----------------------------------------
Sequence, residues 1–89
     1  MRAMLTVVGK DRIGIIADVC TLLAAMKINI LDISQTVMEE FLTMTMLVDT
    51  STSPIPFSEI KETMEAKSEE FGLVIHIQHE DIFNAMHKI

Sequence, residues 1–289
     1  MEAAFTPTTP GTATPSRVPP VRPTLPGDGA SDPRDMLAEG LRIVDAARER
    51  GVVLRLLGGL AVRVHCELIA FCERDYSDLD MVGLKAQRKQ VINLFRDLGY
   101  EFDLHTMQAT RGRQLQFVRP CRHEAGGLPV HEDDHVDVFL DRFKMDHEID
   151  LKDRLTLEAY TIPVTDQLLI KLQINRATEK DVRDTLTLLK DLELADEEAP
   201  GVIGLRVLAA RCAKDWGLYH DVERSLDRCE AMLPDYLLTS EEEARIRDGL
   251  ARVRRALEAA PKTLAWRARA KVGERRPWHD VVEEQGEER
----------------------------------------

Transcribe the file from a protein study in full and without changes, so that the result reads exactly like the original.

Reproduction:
Sequence, residues 1–89
     1  MRAMLTVVGK DRIGIIADVC TLLAAMKINI LDISQTVMEE FLTMTMLVDT
    51  STSPIPFSEI KETMEAKSEE FGLVIHIQHE DIFNAMHKI

Sequence, residues 1–289
     1  MEAAFTPTTP GTATPSRVPP VRPTLPGDGA SDPRDMLAEG LRIVDAARER
    51  GVVLRLLGGL AVRVHCELIA FCERDYSDLD MVGLKAQRKQ VINLFRDLGY
   101  EFDLHTMQAT RGRQLQFVRP CRHEAGGLPV HEDDHVDVFL DRFKMDHEID
   151  LKDRLTLEAY TIPVTDQLLI KLQINRATEK DVRDTLTLLK DLELADEEAP
   201  GVIGLRVLAA RCAKDWGLYH DVERSLDRCE AMLPDYLLTS EEEARIRDGL
   251  ARVRRALEAA PKTLAWRARA KVGERRPWHD VVEEQGEER